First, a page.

Which time zone should I set for my server?

This was the question I was faced with last week. I was configuring a VPC image in Sydney, that I was later going to load on to a physical box in San Diego, then use it from anywhere in the world. So which time zone to use?

I decided upon UTC, and now, the more that I think about it, I don’t know why all servers aren’t configured that way.

Advantages to using UTC:

  • No weird shifts/jumps around daylight savings
  • Accidental usage of DateTime.Now in server-side code returns that same value as DateTime.UtcNow anyway
  • Migrating applications and their data, or entire VMs across physical locations becomes easy

Disadvantages to using UTC:

  • Everything is stored in UTC, and thus hard for most humans to deal with mentally. The solution: tools like the Windows Event Viewer and SQL Management Studio should allow you to apply a time zone offset to visible results.

My recommendation: Run all your servers in UTC (that’s “GMT – Greenwich Mean Time” with “Automatically adjust clock for DST” turned OFF).

Maybe Adam can add this to his standards? 😉

Strange server behavior – huge I/O other count for csrss.exe (SOLVED!)

I can’t say this feels right to me:

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Notice the 603 terabyte value in the “I/O Other Bytes” column for csrss.exe. Oh yeah, and the box has only been up for 24 hours. The number seems to climb by 50 or 60 GB a second when I’m connected via RDC. If I logoff then back on, the count starts again.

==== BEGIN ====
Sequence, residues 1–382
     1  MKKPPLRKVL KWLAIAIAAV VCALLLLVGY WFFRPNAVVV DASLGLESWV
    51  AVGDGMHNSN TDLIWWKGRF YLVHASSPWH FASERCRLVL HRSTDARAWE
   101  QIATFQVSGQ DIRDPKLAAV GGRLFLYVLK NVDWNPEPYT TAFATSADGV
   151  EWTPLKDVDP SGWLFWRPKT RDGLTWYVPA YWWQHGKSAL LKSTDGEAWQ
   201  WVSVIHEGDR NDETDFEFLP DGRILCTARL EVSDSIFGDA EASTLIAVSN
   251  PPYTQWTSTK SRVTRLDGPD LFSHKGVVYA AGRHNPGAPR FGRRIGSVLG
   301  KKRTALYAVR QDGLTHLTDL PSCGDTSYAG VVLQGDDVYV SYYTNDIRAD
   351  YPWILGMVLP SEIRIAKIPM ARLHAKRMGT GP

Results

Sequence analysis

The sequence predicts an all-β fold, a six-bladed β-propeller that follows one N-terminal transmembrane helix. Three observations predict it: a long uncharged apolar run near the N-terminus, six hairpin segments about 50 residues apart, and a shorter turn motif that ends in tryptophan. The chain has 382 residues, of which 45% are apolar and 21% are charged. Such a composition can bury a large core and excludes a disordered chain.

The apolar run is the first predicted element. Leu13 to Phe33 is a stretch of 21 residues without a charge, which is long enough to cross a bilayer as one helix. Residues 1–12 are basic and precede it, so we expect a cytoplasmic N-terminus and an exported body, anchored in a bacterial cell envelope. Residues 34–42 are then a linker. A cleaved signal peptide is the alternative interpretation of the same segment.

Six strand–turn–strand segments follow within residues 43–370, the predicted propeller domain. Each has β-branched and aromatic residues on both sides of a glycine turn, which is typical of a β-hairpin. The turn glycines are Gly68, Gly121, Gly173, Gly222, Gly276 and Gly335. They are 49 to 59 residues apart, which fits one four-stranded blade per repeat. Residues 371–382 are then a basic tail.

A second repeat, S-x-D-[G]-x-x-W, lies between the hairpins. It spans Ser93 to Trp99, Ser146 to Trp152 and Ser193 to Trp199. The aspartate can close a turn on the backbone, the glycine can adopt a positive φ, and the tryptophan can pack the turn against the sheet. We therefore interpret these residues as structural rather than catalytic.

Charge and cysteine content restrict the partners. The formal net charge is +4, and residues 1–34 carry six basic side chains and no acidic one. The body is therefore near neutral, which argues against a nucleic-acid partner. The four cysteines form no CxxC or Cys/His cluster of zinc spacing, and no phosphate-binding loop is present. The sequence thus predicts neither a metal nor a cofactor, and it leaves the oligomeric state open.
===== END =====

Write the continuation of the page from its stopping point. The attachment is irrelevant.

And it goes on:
I’ve tried Googling it, but found no solutions.

Anybody got any ideas? It doesn’t actually seem to be causing a problem, it’s just out of the ordinary.

The box is a 1.8GHz Core2 Duo running Windows Server 2003 R2 Standard x64 Edition.

Update – I (think) I found the solution!

Following some suggestions in this post’s comments and on Google that this might be a virus, Edward suggested I fire up a copy of SysInternals Process Explorer on the server. I’ve used the SysInternals tools in the past, but not being a server guy by trade meant that I’d forgotten about them.

After finding the process, I was quickly comforted that this wasn’t a virus. The signature was verified, it was executing from the correct path (system32) and it was running under NT AUTHORITY\SYSTEM where I expected it to.

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If we recall the original symptoms, the count was reset if I logged off RDC and back on again. This didn’t really prove much other than the fact that the process restarted at login. Swapping to the “Performance Graph” tab is Process Explorer did however show some interesting results.

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Whenever I minimized my RDC window, it stopped requesting data and the I/O bytes graph was stagnant. As soon as I brought the RDC window back up and started interacting with it, the values skyrocketed. My screenshot doesn’t show it, but that graph was peaking to 80GB!

The end result would seem to be: “that’s just how much stuff is going on to support RDP”.

To me that’s an incredible amount on information being shuffled around and process, but I guess this is why the actual data on the wire is so efficient. Unless anything else comes up, I’m happy to file this in the “amazing but normal” pile.